Office for National Statistics shows marriage in decline
The Office for National Statistics has released the latest information regarding the state of marriages in England and Wales. The proportion of the population aged 16 years and over in England and Wales who are married (either opposite sex or same sex) continues to decline. The most recent figures available cover 2018 and show only 50.5% of the population are married, down from 51% in 2017.
The statistics also show that whilst the proportion of the population under 70 years who are married has declined, the proportion aged 70 years and over who are married has increased from 50.3% in 2008 to 55.8% in 2018.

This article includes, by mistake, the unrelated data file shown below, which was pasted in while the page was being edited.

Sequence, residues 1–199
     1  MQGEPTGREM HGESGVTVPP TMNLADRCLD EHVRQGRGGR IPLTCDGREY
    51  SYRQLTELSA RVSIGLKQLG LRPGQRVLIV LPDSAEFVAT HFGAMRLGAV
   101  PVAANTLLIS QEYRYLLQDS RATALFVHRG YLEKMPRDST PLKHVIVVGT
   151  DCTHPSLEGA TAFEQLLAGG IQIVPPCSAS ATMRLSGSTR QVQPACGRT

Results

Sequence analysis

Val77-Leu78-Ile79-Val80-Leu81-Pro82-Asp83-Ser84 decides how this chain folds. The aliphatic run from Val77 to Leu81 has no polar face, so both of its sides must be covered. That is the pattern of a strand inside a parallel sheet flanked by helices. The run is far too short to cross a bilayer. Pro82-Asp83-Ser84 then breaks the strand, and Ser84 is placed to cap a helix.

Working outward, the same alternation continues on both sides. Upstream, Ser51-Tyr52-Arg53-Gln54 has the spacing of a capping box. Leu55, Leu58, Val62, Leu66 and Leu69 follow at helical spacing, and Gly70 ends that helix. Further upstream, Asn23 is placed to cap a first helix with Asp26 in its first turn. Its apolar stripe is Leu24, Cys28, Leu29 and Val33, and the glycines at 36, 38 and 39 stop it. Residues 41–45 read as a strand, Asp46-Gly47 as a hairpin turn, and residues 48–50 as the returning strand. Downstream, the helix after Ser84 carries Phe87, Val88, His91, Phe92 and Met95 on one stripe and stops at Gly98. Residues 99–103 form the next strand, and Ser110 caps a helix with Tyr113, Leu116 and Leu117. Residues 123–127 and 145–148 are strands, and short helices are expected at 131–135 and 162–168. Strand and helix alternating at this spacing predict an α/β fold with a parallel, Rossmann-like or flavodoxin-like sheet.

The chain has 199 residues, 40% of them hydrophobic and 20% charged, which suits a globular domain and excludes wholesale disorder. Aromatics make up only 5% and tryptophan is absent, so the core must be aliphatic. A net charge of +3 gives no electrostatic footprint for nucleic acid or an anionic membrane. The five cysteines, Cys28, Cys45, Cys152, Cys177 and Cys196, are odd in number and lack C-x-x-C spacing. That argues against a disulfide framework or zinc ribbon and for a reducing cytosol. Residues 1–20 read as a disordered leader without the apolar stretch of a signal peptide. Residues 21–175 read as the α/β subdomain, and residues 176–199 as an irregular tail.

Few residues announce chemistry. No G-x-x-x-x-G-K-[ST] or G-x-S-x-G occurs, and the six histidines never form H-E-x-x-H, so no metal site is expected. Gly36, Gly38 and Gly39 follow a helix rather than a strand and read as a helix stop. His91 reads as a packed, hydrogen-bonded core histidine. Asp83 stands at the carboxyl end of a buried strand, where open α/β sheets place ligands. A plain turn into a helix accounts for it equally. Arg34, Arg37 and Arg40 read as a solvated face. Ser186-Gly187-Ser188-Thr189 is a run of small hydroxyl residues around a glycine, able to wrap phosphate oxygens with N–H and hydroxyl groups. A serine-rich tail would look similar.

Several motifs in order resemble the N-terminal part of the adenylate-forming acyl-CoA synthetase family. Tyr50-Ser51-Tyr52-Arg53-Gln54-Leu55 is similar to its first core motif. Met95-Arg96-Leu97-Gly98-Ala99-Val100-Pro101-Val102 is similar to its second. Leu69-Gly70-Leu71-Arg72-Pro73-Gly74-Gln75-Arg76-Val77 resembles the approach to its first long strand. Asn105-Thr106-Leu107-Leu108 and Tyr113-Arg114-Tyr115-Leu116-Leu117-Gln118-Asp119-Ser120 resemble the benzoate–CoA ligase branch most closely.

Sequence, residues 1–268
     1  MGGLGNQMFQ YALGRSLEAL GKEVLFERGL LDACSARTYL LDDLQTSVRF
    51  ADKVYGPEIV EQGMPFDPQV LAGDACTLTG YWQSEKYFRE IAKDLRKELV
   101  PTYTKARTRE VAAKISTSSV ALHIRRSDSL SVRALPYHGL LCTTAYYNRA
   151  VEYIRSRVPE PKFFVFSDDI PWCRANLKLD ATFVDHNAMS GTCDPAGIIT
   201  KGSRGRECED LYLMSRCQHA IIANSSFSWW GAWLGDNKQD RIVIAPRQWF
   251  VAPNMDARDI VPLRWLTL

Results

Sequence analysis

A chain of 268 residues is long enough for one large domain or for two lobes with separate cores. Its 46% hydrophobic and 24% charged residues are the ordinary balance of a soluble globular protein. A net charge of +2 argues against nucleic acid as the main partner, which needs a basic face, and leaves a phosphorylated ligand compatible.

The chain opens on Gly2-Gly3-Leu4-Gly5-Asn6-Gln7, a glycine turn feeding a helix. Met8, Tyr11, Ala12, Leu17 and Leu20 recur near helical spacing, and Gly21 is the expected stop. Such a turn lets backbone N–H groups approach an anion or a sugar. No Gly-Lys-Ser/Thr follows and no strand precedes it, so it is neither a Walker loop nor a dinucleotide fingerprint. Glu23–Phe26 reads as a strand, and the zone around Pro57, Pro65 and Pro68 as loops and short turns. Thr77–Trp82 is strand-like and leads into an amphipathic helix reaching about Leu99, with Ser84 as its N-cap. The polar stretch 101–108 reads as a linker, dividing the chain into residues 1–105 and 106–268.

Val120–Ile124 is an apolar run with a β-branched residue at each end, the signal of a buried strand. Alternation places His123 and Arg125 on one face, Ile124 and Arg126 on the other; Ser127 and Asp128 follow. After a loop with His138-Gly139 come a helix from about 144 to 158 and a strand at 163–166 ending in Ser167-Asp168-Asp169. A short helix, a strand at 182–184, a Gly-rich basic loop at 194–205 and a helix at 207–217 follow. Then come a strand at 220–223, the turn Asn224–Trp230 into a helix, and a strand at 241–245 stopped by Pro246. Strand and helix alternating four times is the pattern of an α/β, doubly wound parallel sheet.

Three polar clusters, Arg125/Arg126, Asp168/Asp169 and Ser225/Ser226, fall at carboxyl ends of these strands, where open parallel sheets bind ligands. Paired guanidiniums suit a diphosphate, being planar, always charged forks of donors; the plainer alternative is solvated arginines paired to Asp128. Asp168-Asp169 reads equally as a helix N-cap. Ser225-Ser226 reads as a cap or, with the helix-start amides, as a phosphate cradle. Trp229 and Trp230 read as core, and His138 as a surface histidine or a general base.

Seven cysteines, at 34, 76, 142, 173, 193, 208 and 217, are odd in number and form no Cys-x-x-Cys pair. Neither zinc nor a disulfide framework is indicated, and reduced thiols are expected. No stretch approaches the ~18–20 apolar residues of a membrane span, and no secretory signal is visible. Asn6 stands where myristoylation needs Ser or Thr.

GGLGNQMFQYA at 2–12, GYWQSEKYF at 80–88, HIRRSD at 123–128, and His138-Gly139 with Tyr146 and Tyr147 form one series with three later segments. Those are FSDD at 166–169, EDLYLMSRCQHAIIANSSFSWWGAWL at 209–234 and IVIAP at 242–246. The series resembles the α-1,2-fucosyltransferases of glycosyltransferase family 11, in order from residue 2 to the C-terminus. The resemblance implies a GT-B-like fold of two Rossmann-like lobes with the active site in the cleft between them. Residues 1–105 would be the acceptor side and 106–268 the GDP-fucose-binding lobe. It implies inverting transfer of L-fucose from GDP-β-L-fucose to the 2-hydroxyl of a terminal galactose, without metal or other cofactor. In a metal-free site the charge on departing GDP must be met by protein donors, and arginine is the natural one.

The number of people aged 16 years and over who are single and have never married has continued to increase, rising by 369,000 in 2017 to a total of 16.7 million people (35%) in 2018. The number of people aged 16 years and over who live with a partner and have never married has also continued to increase, rising by 1.3 million since 2008 to a total of 5 million (10.4%) in 2018.
Edward Morgan who works in the Centre for Ageing and Demography at the Office for National Statistics, commented:
“In England and Wales, around half of the population aged 16 years and over were married in 2018. The proportion of people married has been in decline over the last decade, while the single population has been increasing. However, those in their 70s and beyond are seeing a different trend where, despite a modest rise in the divorced population, the proportion of people aged 70 years and over who are married has been increasing at a greater rate.”
Amanda Erskine is a solicitor in the Family department at Barker Gotelee Solicitors in Suffolk.